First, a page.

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Drier U.S. Midwest weather forecast lifts corn, soybeans

U.S. soybean rose for a third consecutive day on Wednesday, and corn rebounded from steep losses the previous session as weather forecasts for the Midwest turned drier, threatening yields for the developing crops.

Autumn-harvest soybean prices tested Tuesday’s 2-1/2-week high while corn rebounded from the sharpest drop in six weeks in the previous session.

Drier weather was expected for the Midwest through the end of August and warmer temperatures were slated to arrive beginning next week, said Joel Widenor, meteorologist for Commodity Weather Group.

“Our forecast scaled back (rain) coverage in Missouri and Iowa compared with yesterday’s forecast,” he said. “There will be plenty of dry spots in the Midwest which will hinder filling corn and soybeans.”

The warmer weather will help to accelerate crop development, which has been lagging this season following late spring planting and cooler summer temperatures, but will also erode soil moisture levels.

The limited rainfall totals in the forecast arrive at a critical time for corn, which is currently filling pollinated ears with grain, and soybeans, which are adding and filling pods.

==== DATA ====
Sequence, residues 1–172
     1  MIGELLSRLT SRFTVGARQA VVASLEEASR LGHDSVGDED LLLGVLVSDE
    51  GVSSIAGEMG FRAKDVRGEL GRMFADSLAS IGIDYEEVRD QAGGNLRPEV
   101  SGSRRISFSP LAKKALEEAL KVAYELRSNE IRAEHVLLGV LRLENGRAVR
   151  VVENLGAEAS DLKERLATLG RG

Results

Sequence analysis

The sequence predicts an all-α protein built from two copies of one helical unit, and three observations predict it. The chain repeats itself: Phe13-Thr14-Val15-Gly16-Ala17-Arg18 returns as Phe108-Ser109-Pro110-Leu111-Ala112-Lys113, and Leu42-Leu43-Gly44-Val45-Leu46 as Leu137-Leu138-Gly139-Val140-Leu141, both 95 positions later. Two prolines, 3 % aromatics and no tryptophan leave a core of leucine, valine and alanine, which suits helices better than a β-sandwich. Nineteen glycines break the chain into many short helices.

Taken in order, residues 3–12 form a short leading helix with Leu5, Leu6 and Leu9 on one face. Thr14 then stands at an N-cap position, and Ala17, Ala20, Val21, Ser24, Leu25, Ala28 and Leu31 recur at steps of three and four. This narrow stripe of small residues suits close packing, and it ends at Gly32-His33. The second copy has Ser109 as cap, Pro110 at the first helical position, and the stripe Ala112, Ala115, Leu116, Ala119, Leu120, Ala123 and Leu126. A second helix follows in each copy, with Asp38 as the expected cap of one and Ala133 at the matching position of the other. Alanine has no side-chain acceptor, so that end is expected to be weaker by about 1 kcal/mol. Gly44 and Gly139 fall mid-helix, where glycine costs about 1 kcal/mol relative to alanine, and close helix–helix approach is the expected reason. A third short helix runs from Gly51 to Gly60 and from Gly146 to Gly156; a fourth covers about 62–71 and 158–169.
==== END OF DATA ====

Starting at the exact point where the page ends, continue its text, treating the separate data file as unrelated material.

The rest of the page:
“Temperatures are going to warm up, so the GDDs (growing degree days) are going to ratchet higher. But we are not out of the woods yet — so any time we have a drier type forecast, the market is going to be sensitive to it,” said Ken Smithmier with the Hightower Report commodity forecaster.

November soybeans on the Chicago Board of Trade rose 11-1/4 cents, or 0.9 per cent, to $12.39 a bushel, earlier matching a 2-1/2-week high of $12.40 set on Tuesday (all figures US$).

CBOT December corn gained eight cents, or 1.8 per cent, to $4.55-1/4 a bushel after hitting a near-three-year low the previous day. Strong cash markets supported the spot September contract, which jumped 9-1/2 cents, or 2.1 per cent, to $4.64-3/4 a bushel.

Farmers are holding tight to their remaining old-crop corn stocks and some ethanol plants in the northern Midwest have aggressively raised bids for near-term supplies in an attempt to spur selling.

Meanwhile, heavy rainfall in the Southeast and Delta regions has stalled an already-delayed harvest and a tropical storm currently in the Atlantic could push rains further north.

“We are already delayed so any further delays are going to support the old-crop market,” Smithmier said.

Wheat futures held near previous levels in light trading amid forecasts for heavy global production, though declines were limited by spillover support from the firmer corn market.

CBOT September wheat rose 2-1/4 cents, or 0.4 per cent, to $6.30-1/2 a bushel after hitting a low of $6.23, the lowest level for a front-month contract since June 2012.

Commodity funds bought a net 10,000 corn contracts, 5,000 soybean contracts and 1,000 wheat contracts on the day, trade sources estimated.

— Karl Plume reports for Reuters from Chicago. Additional reporting for Reuters by Julie Ingwersen and Sam Nelson.

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